13. collectiveea

    from Slings and Arrows…..

    Ellen Fanshaw: This is the life of an actress. You play the Ingénues, you play the Queens, you play the dreaded Nurse, then you retire to PAL. Then you sit there in the dining room eating rice pudding and hearing endless tales of life on the wicked stage. And you realize that you never really lived at all, you just pretended. Is that what you want?

    Kate McNab: I can’t believe you’re saying this to me. I’m supposed to play Juliette

    Ellen Fanshaw: You can play it, or you can live it. Your choice.

    Kate McNab: Oh my God.

    Ellen Fanshaw: Kate! You know me. I’m petty and bitter. There’s a reason for that, ok? Don’t make me spell it out. Just go! Go girl! Seek happy nights and happy days. See? I’m playing the Nurse already!


    ‘You can play it, or you can live it…’

    Love ZA, being one of those backyard, ‘home-grown’ anthropologists (would never cop to the crime), the stories here resonant strongly with the general sort of state of everything in our culture where most everyone can not find any decently paying work worth doing. The farther down the social ladder, the worst it gets. Being married to a once-aspiring anthropologist who fortunately recognized, with the help of some very real but embittered ones, the very nature of the discipline, she abandoned those aspirations long ago for a ‘real’ life. As the fictional character Ellen notes in her advice to a young actress conflicted with playing the part of Juliette or living Juliette. I think that is very much the essence of the choice that must be made today in order to change the very nature of the reality within which we dwell.

    My professional life should be explained in terms of that of an accomplished architectural designer, master builder and craftsmen but I learned long ago that such definitions and social roles, with all their connotations and baggage, were a fundamental obstacle to being human, which after all, is about the nature of our relationships with those around us. To try to live and work within the ‘professional’ framework that generates the built environment in N. America was always a stark, dismal prospect at every level of the process. To be party to a profession whose profession is to destroy as much of a landscape as possible in order to render humans cogs in the economy of power never really held much appeal to me. How could I live life and be human within something so anti-human/anti-life was never explained to me in school.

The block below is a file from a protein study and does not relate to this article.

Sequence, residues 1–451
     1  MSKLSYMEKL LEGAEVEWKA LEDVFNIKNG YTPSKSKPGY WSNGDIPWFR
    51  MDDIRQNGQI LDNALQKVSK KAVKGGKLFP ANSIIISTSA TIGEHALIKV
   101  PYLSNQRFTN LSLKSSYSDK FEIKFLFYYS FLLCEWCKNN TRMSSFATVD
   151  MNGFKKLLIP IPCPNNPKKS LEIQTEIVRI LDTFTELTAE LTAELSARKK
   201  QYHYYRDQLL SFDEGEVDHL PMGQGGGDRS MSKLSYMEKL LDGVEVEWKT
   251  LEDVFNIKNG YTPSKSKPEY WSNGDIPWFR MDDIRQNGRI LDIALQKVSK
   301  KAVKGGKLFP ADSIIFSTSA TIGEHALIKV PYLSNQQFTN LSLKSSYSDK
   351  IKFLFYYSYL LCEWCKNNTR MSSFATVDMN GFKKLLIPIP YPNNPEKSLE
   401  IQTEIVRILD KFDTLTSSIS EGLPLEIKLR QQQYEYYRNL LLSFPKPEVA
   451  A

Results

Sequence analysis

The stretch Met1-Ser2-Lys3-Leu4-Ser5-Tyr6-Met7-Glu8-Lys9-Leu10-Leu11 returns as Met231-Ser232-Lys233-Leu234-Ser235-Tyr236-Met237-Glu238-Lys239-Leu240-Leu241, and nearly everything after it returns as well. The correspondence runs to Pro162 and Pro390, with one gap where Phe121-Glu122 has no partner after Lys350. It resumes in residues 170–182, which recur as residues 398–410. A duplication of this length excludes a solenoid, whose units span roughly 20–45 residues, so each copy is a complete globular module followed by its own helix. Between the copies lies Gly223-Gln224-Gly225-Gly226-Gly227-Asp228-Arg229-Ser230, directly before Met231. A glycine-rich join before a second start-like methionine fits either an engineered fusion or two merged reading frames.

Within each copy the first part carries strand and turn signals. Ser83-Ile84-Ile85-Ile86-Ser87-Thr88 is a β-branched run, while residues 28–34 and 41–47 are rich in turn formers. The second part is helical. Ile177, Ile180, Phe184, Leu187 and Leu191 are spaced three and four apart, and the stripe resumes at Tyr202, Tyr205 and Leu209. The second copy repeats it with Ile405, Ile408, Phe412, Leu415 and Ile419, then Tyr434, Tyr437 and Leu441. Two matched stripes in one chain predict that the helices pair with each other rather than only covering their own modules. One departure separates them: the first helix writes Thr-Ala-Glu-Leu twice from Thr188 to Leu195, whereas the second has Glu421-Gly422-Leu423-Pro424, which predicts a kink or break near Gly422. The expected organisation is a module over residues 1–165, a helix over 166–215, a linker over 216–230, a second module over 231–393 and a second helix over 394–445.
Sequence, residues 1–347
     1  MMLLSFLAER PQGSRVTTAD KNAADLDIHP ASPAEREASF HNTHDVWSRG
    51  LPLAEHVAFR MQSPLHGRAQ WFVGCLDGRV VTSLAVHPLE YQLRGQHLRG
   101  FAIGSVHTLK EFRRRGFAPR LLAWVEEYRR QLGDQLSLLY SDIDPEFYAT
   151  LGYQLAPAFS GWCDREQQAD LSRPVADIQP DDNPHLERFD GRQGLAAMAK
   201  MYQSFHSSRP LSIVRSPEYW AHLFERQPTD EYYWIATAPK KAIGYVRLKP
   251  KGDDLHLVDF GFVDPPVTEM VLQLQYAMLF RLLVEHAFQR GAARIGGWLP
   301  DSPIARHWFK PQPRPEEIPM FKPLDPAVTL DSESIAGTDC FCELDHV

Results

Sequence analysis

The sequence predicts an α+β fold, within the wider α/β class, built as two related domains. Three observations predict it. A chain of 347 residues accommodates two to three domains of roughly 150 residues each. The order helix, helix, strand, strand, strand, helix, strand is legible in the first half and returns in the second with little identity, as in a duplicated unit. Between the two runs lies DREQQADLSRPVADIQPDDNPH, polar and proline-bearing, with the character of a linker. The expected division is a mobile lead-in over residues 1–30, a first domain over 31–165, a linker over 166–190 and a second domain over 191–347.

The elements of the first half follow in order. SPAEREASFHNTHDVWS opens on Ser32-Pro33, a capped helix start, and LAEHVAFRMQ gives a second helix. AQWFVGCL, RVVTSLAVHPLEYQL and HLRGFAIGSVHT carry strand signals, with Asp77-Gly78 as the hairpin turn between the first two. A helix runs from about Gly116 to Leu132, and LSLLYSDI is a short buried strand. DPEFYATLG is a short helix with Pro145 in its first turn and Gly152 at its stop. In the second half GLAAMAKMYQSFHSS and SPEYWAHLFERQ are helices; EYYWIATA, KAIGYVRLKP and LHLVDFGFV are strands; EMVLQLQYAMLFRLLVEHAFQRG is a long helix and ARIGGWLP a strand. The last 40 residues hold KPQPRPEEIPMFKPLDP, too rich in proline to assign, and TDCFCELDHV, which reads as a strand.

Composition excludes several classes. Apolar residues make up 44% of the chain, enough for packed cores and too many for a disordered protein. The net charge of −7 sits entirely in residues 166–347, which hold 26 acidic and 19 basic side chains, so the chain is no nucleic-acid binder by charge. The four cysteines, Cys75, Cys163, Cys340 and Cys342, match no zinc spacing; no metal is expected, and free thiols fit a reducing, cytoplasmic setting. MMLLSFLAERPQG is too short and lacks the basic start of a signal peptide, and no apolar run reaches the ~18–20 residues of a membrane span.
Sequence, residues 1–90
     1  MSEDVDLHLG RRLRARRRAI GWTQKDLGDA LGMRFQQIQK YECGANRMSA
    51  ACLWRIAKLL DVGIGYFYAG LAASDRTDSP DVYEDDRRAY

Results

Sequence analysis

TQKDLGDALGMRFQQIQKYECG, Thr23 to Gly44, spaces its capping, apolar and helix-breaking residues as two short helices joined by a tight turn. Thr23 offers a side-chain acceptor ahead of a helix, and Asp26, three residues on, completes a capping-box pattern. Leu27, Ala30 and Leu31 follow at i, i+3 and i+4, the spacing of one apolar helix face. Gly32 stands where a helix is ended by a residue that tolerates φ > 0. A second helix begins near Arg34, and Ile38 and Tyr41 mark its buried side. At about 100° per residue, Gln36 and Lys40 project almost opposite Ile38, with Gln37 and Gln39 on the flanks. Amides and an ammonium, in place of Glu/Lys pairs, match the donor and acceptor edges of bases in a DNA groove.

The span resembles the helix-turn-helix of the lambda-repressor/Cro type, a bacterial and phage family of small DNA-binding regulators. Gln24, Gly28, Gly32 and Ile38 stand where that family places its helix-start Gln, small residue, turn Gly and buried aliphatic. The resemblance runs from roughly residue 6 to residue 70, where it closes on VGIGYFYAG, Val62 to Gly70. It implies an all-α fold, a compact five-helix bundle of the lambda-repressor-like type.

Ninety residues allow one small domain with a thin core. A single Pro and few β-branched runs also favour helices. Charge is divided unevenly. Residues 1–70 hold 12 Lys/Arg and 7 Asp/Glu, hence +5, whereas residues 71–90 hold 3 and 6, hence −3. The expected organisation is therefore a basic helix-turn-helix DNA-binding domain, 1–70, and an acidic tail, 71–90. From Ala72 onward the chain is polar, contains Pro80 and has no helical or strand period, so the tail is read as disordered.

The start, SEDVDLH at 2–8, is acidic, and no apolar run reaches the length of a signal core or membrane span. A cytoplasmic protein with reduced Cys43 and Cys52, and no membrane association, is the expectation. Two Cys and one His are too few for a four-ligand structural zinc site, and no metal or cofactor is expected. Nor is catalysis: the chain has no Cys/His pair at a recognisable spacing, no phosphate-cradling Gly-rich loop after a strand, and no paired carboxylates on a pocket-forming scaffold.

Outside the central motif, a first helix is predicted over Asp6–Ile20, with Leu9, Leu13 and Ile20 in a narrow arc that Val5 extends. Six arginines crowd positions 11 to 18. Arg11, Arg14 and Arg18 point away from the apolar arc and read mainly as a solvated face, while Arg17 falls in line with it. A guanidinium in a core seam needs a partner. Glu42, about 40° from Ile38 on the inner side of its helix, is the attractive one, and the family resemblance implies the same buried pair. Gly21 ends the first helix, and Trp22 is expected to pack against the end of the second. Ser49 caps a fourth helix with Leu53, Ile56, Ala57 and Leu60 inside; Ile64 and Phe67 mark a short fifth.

I knew this early because the world I loved, the kinds of people that touched me and impressed me as human, the kinds of buildings and places that sort of overwhelmed me with the songs and spirit of those that made them and lived amidst them were places where the ‘professional’ had no practical use accept as a con man, thief and plagiarist. In fact, professionalism was something inimical to spirit that made such places alive, warm and compelling. Figuring out what that was all about took time and anthropology certainly helped in understanding that, but so did a lot of other things.

    At a certain point in my professional pursues, I felt I had to make a choice, the choice to play it, or to live it. To be able to live in the world where I knew I belonged, to be able to create what the profession extolls as ‘vernacular’ form, to practice what is craft meant that I had to give up all pretense to it, I had to reject thinking of it in a certain way and in certain terms. It was not a matter of mimicking style or reclaiming some arcane method of construction and craft but learning how to be real in relation to others, to materials and tools, to the earth. I think the term is ‘going native’ and I had to exchange the $500 suit and sterile office for the threadbare work trousers and calloused palms. Damaged by decades of education and poisoned over a lifetime by the mother culture, the road home is proving to be scarred and bittersweet. Something Vine Deloria once noted about his journey home from the conqueror’s realm.